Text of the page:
North Korea has extended a formal invitation for President Moon Jae-in to visit Pyongyang via the high-level delegation it sent to the PyeongChang Olympics.
Attention now turns to whether an inter-Korean summit can be held.
The Seoul government plans to foster conditions for Moon's cross-border visit including efforts toward spurring dialogue between North Korea and the U.S.
President Moon met with the North's high-level delegation last Saturday at his office for nearly three hours.
During the meeting, North Korean leader Kim Jong-un's younger sister Kim Yo-jong handed Moon a letter from her brother and also verbally expressed wishes for the South Korean leader to visit Pyongyang later this year.
In response, President Moon proposed to work with the North to create an environment conducive for inter-Korean talks.
He also said that U.S.-North Korea talks need to be held soon for the development of Seoul-Pyongyang relations. He asked the North to be active in seeking dialogue with Washington.
The high-level delegation arrived in South Korea on February 9th, the opening day of the Winter Olympics.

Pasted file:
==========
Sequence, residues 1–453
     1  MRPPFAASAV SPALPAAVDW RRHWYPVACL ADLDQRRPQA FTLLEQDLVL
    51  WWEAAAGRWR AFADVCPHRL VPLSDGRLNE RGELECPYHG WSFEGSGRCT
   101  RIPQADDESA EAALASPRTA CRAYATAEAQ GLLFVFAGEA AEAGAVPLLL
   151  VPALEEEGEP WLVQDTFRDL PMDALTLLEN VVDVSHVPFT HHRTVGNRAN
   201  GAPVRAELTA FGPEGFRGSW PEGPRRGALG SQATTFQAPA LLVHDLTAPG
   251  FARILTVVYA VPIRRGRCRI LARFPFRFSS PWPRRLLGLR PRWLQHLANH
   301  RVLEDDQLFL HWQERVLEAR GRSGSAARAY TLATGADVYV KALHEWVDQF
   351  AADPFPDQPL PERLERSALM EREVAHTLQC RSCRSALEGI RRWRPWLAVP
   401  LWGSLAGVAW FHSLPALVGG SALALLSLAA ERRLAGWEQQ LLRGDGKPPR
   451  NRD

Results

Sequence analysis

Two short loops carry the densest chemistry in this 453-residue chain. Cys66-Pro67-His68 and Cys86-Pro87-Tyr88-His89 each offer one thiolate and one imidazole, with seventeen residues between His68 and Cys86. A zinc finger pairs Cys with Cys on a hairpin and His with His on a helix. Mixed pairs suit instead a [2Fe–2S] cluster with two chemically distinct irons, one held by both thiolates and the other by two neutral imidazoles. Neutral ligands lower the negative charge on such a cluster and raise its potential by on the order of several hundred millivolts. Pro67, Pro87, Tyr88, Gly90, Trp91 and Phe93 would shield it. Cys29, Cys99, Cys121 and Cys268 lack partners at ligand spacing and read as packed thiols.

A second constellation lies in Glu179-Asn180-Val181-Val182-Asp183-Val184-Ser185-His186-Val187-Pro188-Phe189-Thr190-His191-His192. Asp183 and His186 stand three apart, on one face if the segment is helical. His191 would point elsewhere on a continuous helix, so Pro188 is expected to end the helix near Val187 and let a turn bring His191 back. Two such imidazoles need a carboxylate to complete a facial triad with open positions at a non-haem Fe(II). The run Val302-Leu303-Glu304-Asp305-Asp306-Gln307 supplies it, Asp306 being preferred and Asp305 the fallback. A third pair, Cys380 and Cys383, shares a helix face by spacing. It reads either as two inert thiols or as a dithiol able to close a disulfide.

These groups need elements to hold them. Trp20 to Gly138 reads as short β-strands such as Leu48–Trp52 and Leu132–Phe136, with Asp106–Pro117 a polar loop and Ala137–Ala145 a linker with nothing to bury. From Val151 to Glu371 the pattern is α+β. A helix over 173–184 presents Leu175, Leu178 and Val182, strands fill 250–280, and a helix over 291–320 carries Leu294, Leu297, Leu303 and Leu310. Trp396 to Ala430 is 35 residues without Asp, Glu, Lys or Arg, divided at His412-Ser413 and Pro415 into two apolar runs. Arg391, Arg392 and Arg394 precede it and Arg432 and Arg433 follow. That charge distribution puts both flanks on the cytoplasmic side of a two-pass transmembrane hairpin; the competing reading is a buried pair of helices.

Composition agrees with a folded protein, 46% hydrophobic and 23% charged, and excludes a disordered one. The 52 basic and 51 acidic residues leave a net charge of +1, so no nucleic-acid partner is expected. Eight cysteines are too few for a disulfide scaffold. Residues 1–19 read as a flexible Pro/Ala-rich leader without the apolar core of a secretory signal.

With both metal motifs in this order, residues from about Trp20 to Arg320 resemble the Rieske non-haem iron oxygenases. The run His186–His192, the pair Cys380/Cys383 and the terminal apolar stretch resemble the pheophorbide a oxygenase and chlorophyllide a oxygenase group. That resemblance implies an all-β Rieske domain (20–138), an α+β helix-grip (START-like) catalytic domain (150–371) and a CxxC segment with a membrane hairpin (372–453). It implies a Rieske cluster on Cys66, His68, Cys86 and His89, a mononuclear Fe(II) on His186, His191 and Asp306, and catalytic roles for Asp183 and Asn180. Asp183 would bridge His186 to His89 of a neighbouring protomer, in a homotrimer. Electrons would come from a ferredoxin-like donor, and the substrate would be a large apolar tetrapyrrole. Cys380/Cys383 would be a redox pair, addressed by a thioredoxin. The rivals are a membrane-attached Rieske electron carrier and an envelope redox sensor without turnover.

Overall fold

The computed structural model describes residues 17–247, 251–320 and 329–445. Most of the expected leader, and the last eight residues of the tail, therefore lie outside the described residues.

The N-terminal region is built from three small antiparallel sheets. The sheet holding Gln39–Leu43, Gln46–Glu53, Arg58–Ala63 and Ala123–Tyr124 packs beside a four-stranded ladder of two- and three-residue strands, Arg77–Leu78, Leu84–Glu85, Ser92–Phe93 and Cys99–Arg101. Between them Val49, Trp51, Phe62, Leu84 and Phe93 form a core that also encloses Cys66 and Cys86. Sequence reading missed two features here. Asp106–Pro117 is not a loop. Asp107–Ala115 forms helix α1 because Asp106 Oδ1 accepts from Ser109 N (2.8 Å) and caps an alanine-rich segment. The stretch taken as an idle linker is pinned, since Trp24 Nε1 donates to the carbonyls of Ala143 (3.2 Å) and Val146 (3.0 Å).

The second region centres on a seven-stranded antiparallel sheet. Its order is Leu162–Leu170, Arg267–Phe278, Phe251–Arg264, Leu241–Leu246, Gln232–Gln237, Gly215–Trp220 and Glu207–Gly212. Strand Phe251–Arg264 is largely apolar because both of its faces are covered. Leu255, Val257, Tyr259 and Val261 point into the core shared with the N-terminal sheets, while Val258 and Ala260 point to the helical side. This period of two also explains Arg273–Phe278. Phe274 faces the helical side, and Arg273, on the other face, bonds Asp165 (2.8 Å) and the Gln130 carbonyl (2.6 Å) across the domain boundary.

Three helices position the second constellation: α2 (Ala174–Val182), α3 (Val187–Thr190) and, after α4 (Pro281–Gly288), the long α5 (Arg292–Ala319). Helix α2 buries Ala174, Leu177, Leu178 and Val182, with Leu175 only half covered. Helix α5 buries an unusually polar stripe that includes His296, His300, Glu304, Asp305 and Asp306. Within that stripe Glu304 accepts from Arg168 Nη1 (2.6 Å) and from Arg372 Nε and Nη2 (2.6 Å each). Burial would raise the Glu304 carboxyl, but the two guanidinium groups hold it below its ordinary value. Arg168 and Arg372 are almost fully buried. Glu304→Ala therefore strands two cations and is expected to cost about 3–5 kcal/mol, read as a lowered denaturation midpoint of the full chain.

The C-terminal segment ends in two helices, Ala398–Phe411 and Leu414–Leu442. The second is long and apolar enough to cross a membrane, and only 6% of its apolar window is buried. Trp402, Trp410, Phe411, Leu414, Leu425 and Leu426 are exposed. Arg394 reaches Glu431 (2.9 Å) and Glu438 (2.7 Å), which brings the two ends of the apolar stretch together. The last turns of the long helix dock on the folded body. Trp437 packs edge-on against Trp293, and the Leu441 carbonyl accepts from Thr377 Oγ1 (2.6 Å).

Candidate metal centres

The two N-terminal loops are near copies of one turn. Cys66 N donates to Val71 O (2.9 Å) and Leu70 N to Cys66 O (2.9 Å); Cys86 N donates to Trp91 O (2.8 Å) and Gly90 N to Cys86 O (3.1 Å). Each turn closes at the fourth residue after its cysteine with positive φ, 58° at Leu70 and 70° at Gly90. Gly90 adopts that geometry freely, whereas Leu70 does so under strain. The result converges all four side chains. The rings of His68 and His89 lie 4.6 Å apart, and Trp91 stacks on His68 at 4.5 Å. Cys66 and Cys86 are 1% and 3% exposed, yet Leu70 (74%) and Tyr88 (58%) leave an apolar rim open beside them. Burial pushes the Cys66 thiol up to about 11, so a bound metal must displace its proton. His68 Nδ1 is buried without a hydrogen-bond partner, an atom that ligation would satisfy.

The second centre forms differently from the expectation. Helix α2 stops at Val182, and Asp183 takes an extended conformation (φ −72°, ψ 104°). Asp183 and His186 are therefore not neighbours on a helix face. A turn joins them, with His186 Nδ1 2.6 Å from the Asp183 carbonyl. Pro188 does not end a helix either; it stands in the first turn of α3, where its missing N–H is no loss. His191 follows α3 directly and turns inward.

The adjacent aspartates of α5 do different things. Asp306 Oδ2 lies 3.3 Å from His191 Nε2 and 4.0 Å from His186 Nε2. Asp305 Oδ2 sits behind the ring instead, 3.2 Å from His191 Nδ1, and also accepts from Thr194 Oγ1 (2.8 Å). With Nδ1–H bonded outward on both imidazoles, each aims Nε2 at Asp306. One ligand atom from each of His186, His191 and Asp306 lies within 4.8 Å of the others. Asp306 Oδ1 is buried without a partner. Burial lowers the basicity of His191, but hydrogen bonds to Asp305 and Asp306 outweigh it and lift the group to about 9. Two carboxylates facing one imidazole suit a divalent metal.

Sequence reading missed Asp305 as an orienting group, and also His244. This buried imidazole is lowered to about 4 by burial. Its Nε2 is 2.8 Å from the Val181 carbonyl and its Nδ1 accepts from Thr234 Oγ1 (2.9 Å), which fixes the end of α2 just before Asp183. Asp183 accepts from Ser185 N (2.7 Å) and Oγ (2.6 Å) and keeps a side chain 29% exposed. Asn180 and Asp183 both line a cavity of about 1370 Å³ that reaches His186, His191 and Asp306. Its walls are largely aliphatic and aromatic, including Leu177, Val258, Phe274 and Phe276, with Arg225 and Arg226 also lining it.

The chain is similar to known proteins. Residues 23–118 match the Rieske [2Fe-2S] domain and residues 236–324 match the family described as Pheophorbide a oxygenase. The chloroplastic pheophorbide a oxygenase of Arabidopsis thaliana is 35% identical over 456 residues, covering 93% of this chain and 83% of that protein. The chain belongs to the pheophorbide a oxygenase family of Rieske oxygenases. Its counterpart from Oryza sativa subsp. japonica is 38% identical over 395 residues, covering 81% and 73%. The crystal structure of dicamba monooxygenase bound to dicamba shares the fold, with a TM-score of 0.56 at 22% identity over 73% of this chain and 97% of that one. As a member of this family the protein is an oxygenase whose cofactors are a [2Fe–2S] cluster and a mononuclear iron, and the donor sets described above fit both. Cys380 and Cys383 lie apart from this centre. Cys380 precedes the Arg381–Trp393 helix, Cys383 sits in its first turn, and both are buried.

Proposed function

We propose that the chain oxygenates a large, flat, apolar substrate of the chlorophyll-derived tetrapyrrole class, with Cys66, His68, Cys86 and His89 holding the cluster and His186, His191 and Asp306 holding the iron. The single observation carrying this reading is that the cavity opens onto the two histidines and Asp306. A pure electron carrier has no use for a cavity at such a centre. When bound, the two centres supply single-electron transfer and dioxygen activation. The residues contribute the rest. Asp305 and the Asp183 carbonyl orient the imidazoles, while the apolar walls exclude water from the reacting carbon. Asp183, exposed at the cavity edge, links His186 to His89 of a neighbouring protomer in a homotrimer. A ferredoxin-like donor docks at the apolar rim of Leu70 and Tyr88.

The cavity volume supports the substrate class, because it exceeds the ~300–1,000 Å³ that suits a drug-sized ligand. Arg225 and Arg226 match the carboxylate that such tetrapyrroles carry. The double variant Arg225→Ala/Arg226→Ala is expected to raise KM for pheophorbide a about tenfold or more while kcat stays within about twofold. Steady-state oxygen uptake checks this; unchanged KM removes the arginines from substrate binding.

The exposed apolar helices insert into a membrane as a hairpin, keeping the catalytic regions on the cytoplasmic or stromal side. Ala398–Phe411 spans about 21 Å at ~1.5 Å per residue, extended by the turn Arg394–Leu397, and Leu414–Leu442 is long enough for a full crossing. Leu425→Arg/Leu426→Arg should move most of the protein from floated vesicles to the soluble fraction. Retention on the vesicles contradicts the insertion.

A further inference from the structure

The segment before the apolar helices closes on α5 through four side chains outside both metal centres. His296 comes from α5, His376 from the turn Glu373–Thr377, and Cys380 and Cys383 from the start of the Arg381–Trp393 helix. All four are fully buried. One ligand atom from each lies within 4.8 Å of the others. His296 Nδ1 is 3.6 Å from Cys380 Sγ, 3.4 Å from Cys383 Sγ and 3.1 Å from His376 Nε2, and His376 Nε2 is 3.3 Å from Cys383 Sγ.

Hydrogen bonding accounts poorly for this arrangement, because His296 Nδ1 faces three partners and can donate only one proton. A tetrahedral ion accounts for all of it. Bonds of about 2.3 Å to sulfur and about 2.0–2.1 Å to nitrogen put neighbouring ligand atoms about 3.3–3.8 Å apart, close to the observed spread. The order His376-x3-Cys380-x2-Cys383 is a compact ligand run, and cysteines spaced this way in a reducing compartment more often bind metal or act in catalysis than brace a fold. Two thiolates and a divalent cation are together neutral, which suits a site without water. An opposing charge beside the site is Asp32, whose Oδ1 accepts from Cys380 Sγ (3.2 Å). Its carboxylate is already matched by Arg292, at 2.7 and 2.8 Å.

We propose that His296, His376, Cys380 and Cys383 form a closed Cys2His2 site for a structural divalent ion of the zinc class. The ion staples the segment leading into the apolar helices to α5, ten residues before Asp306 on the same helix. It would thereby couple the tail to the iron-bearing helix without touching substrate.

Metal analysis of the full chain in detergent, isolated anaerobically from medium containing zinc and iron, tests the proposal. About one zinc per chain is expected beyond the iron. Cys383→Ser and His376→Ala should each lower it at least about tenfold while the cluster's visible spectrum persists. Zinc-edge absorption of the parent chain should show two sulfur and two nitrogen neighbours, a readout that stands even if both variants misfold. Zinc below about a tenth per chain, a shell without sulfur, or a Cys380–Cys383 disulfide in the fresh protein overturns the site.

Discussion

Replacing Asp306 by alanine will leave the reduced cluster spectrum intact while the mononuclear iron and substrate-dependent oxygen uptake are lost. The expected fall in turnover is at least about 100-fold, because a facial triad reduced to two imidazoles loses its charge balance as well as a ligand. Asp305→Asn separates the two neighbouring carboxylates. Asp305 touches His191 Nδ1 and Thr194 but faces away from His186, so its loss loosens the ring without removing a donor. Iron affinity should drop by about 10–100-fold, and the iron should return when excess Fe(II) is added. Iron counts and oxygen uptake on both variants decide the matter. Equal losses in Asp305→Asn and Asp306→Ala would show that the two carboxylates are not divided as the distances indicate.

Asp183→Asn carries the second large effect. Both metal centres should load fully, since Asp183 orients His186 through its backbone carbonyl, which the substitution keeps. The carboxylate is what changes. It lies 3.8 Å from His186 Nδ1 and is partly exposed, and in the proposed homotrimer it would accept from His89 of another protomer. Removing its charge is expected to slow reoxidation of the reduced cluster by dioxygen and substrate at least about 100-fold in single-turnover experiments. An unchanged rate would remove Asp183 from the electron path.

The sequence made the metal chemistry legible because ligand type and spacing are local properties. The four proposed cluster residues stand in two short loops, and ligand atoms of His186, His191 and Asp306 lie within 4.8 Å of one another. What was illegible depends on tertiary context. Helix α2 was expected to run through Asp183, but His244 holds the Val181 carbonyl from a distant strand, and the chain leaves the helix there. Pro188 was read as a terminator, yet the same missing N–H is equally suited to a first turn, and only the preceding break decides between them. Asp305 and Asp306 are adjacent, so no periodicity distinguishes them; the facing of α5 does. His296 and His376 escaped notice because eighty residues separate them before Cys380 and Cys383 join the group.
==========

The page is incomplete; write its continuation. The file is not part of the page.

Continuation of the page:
The four-member delegation was headed by North Korea's ceremonial head of state and parliamentary leader Kim Yong-nam, but Kim Yo-jong was the key figure.
By saying that she visited the South on a special mission, Kim acknowledged herself as a special envoy of Kim Jong-un.
The North Korean delegates met with Moon several times during their stay including at a diplomatic reception, the Olympic opening ceremony, an inter-Korean women's ice hockey match and a North Korean orchestra performance.
They wrapped up their three-day visit and returned home last Sunday.
The government has begun follow-up steps to sustain the momentum of Kim Yo-jong's visit.
As President Moon pointed out, the priority is to pursue North Korea-U.S. dialogue.
South Korea believes the two sides should begin talks by late March when the Olympic and Paralympic Games are over and plans for South Korea-U.S. joint military drills will begin to materialize.
Seoul is expected to exert its utmost efforts to narrow the wide difference between Pyongyang and Washington regarding denuclearization.
Seoul is known to be planning to mobilize all available inter-Korean channels aimed at inducing a change in North Korea's attitude.
However, the U.S. maintains a stern position. It's also considering implementing further sanctions against the North, including a possible maritime interdiction.